Recently, I was asked to look at a case for a man regarding the wrongful death of his wife at a local hospital.
My name is Ric Mitzel, I am a personal injury attorney who specializes is medical malpractice cases.
This man had contacted another attorney, who was with a large well known firm, and after reviewing the hospital chart, this other lawyer told him that the case did not meet his criteria and rejected it.
I was asked to provide a second opinion, and after reviewing the chart, found the case to definitely have merit.
Consequently, I accepted the case and after litigating the case, we recently won a $2,500,000 settlement for my client.
If you have had a medical malpractice claim rejected by another attorney I offer a Second Opinion — Call (352) 577-0313… or send me an email.
The laws in Florida are the same regarding medical malpractice claims against hospitals and their employees and agents as they are for claims against individual health care providers.
Hospitals can be held responsible for the negligent acts of their employees when the care rendered to a patient falls below the appropriate standard of care and results in harm to a patient.
The first question to be determined is who are the staff and agents of the hospital and who are not.
For years, hospitals have reduced the number of staff they employ so as to reduce the hospital’s exposure for claims of medical malpractice against them.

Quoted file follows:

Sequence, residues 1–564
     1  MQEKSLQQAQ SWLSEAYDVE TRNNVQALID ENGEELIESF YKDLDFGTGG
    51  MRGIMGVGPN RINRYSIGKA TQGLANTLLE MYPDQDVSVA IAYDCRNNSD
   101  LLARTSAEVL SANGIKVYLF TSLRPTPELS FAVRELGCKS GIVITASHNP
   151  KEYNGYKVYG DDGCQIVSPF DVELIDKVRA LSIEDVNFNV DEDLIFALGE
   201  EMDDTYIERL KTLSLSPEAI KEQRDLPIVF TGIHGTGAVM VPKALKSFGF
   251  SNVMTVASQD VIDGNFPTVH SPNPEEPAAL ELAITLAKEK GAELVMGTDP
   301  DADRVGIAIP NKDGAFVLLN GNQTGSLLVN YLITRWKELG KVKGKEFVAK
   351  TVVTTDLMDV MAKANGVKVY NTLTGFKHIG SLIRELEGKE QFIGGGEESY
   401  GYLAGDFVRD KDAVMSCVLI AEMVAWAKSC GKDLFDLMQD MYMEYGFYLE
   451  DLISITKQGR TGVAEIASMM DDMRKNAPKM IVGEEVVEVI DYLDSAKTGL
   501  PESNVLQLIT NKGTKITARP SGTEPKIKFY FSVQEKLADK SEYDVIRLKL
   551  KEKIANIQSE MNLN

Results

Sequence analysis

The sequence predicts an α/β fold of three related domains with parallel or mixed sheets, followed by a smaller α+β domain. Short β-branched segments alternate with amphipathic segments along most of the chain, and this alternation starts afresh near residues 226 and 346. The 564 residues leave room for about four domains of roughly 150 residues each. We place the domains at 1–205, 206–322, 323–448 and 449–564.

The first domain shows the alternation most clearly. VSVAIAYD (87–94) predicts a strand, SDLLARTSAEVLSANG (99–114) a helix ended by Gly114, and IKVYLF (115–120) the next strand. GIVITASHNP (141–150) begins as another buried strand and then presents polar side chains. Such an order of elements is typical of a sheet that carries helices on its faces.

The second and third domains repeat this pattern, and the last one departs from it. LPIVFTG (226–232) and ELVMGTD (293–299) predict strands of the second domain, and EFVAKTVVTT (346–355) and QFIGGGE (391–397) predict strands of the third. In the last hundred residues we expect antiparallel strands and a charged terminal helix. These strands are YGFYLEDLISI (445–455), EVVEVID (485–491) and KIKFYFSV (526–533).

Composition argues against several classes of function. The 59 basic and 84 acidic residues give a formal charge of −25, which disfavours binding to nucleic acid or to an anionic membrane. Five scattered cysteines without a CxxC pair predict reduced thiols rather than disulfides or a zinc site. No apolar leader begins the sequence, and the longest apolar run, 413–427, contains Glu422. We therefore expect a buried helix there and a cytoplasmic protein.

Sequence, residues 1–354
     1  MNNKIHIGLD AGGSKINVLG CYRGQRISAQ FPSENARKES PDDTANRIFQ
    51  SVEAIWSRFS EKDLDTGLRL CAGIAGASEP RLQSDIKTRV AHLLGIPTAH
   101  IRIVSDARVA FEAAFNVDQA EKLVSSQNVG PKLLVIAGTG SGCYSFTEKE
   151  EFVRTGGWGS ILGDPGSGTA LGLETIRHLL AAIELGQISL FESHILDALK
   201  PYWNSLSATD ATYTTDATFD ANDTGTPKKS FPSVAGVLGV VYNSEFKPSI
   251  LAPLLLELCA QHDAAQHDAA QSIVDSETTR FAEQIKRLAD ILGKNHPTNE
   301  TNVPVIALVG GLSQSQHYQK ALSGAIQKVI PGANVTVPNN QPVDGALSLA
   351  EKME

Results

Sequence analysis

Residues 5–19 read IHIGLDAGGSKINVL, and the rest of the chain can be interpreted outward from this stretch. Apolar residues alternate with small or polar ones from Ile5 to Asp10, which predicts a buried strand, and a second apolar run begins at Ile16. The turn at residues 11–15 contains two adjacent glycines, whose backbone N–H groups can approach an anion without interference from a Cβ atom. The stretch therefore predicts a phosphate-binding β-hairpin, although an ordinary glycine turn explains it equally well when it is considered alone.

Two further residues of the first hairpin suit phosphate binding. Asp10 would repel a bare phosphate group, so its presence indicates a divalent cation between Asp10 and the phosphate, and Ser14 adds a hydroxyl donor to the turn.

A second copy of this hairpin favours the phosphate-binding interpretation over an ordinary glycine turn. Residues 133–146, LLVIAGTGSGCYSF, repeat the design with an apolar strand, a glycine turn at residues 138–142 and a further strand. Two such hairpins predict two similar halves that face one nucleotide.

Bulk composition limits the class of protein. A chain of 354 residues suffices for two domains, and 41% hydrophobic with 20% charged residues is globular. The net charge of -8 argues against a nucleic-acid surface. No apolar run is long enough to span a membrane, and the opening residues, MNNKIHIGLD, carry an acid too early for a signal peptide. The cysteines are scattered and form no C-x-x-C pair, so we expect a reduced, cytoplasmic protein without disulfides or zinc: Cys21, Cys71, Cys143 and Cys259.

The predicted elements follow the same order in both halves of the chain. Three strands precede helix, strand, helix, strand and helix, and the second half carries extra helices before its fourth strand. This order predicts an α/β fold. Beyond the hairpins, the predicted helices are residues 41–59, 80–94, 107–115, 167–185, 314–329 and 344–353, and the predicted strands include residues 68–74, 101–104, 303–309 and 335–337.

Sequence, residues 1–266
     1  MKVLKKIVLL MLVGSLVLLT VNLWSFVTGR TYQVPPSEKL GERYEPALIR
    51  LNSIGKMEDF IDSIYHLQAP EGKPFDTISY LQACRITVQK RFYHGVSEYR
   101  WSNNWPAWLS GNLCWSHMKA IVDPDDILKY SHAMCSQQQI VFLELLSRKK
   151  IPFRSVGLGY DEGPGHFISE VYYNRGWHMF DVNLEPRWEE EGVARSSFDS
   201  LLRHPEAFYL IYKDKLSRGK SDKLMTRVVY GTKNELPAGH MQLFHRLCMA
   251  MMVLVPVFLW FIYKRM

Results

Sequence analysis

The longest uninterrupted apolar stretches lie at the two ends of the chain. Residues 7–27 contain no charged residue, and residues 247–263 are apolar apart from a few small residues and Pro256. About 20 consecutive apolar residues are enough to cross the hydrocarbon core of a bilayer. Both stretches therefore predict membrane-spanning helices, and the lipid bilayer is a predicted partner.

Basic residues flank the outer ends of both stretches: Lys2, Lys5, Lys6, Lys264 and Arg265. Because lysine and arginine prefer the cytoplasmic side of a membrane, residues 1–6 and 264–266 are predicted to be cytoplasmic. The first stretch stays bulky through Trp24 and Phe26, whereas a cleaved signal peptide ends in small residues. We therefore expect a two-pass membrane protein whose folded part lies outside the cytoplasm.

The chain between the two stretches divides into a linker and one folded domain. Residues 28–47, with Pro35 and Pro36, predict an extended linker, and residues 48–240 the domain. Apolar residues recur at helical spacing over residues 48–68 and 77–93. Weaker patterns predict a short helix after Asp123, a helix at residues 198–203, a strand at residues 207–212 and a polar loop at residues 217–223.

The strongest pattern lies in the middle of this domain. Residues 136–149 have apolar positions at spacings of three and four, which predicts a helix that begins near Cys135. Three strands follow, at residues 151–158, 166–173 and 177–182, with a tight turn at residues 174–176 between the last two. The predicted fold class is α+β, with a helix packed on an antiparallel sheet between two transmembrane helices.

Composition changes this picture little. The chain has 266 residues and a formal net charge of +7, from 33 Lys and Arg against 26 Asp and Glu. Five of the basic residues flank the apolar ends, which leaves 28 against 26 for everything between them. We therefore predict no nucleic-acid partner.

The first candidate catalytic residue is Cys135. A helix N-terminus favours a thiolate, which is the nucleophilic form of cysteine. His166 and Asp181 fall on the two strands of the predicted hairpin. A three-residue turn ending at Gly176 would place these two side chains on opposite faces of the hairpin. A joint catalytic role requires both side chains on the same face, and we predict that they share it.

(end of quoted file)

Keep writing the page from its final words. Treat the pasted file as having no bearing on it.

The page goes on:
This has been accomplished by hiring independent contractors to perform many of the services that some employees used to be responsible for.
For example, now emergency room physicians groups are not hospital employees but are independent contractors.
This is also true, in many cases, of radiologists, pathologists, etc.
Historically, also private physicians who render care to their patients are not employees of the hospital.
However, there are now treating doctors in hospitals who are employed by the hospitals that are called Hospitalists.
They are not private physicians but provide care only in hospitals.
Many private doctors prefer not to see their patients in a hospital setting and have only an office practice.
When one of their patients has to be seen at a hospital, it is the hospitalist who is the admitting and primary doctor for the patients care.
Lastly, in some situations, a private doctor who is not an actual employee of the hospital can be determined to be an apparent employee of the hospital.
This is true when the physician and/or the hospital give the appearance that the doctor is an agent of the hospital.
FREE Second Opinion with Attorney Mitzel — Call (352) 577-0313… or send me an email.
Also, you should know that some area hospitals are teaching hospitals.
What that means is these hospitals are associated with state medical colleges, and many of the doctors on staff are employees of the state and not the hospital. Medical students are trained at the hospital by these physicians, and they are not employees of the hospital either.
If a patient is negligently injured while being treated by one these doctors or a student, no medical malpractice claim can be made against the hospital.
Any claim must be made against the State of Florida, their employer.
Unfortunately, there are caps or limits regarding the amount of compensation that a patient is entitled to for a claim against the state.
Florida Statute 768.28 covers this… you can read more about it in a previous article I posted – http://accidentlawyerspringhill.com/hospitals-may-be-guilty-of-medical-malpractice/
I hope you found this information helpful. If you feel that you or a loved one is the victim of medical malpractice and your claim has wrongly been rejected by another attorney –
Call NOW for a FREE Second Opinion — (352) 577-0313… or send me an email.